Attorney General Eric Holder this week held out the possibility that the President could kill an American citizens with a drone attack on U.S. soil without any criminal charge or trial. After Holder announced President Obama’s kill list policy, many apologists for the Administration insisted that the policy was limited to targets outside of the United States and was subject to a form of due process of the President’s own making. At the time, I wrote that these arguments were nothing but spin by the Administration and its supporters since the underlying claim of authority would have no such limitations. Holder now appears to have confirmed that even they do not believe in such limitations. This follows the release of a memo showing that Holder’s description of the policy at Northwestern University Law School was narrower than the actual policy described within the Administration.
Holder was responding to a letter from Sen. Rand Paul concerning the nomination of CIA director John Brennan on the use of lethal force. Holder said “It is possible I suppose to imagine an extraordinary circumstance in which it would be necessary and appropriate under the Constitution and applicable laws of the United States for the President to authorize the military to use lethal force within the territory of the United States.”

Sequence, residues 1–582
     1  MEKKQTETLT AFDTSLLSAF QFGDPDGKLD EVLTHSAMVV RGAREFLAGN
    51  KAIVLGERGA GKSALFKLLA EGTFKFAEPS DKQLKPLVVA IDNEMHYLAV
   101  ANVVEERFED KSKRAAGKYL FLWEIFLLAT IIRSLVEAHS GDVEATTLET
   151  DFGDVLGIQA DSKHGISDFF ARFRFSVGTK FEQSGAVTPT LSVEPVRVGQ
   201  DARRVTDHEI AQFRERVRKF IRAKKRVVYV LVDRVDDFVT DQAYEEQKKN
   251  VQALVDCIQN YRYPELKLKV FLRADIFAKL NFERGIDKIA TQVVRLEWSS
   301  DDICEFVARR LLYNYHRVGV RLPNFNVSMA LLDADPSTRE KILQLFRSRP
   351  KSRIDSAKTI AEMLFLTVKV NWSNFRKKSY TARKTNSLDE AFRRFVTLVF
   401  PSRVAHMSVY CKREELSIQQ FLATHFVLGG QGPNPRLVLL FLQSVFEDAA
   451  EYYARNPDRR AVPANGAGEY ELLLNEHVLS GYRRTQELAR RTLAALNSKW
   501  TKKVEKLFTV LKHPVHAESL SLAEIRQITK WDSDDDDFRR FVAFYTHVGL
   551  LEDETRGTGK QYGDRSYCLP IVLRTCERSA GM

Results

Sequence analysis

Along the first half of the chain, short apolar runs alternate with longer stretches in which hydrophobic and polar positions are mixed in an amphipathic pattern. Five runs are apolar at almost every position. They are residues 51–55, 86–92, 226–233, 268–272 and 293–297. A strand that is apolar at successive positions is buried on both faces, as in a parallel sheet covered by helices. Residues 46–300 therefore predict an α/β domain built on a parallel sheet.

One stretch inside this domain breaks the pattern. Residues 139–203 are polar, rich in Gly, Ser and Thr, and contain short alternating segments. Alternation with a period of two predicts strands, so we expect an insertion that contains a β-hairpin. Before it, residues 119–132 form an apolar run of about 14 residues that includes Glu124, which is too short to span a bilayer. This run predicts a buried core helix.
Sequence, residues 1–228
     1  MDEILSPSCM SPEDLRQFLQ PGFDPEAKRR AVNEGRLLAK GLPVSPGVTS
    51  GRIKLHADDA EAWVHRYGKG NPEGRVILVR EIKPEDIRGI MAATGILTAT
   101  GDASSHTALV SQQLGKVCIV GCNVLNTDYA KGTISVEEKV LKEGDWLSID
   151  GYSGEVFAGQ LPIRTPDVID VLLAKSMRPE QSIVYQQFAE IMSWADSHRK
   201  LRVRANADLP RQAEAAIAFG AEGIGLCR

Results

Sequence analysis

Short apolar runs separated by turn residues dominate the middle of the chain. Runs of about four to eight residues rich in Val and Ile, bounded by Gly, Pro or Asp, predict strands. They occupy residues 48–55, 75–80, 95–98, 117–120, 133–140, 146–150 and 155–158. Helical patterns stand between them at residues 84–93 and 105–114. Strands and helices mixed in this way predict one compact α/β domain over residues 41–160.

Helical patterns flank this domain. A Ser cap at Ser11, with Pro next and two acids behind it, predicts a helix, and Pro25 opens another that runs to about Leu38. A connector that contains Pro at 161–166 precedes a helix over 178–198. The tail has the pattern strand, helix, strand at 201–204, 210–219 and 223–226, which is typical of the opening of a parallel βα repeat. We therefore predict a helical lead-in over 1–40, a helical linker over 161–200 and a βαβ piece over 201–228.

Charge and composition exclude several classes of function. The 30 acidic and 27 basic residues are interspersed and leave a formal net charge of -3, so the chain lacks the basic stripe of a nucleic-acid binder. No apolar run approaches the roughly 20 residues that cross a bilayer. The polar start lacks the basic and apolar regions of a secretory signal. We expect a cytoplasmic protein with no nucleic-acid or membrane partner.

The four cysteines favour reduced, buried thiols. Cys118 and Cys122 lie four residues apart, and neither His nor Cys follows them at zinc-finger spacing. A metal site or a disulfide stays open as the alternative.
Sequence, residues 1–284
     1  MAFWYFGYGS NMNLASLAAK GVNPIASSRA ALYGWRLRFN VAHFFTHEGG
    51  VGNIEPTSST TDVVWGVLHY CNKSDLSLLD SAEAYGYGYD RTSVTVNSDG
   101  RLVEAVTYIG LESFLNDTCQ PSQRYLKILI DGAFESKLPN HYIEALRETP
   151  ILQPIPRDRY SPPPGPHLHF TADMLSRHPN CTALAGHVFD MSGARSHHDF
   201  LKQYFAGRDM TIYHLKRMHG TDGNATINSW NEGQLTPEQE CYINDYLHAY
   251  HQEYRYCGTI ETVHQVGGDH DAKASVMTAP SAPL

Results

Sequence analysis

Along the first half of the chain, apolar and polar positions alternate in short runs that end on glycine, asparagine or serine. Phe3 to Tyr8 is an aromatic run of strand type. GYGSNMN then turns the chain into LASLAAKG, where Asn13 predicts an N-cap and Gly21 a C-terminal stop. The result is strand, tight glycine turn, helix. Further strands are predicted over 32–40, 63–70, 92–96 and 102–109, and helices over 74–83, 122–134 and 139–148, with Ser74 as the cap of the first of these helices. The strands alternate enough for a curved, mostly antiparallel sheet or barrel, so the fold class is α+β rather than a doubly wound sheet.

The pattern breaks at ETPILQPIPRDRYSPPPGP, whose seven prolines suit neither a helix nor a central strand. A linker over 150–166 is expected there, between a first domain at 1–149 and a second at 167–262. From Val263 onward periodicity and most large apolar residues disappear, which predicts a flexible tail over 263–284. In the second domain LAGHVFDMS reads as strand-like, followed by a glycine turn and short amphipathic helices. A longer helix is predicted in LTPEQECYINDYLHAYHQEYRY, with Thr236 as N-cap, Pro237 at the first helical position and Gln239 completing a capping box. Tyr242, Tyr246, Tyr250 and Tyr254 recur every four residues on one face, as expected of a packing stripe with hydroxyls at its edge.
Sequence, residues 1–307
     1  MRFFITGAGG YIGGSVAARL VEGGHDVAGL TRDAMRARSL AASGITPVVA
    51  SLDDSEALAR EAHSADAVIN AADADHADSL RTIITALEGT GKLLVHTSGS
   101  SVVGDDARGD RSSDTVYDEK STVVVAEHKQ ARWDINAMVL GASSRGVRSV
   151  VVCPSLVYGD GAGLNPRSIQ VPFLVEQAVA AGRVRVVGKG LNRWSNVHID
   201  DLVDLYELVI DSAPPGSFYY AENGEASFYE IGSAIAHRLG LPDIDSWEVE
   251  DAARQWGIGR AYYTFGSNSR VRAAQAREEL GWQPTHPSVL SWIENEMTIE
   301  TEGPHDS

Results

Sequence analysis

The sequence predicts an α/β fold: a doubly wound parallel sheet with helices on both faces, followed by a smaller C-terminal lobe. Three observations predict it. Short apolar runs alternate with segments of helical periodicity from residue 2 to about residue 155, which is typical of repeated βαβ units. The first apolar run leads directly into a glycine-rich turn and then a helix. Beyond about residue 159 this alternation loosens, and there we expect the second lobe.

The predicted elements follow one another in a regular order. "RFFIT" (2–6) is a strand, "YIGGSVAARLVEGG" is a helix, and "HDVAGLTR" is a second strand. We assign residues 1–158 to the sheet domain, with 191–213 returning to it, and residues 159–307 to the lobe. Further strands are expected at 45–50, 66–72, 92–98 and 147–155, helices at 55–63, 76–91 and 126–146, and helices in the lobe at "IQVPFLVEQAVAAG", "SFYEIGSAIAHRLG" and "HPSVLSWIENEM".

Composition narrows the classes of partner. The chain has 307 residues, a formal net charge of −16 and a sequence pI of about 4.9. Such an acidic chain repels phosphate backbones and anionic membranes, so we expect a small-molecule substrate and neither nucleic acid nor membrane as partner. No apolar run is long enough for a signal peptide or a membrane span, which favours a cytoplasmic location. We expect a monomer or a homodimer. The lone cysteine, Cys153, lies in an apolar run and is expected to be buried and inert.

It will be difficult for people to find someway, as in the past, to blame this policy on Republicans. The kill list policy of Obama belongs to him. As I discussed in earlier columns (here and here and here), it is astonishing how citizens, including so many liberals and civil libertarians, have remained relatively silent in the face of a classic claim of authoritarian power. The relative silence over this latest development shows just how passive the country, and particularly liberals, have become in challenging Obama on his aggregation of executive power. It also is the latest evidence showing Obama’s evisceration of the civil liberties movement in this country. There is little observable movement left after it was divided over loyalty to Obama in the first term. A president has previously said that he can kill U.S. citizens on his own authority. It was then revealed that the citizen does not actually have to be involved in an imminent terrorism attack. Now he claims the right to use that authority in the U.S. The response at every stage has been a collective and prolonged yawn from a people growing comfortable with a burgeoning security state and an imperial president.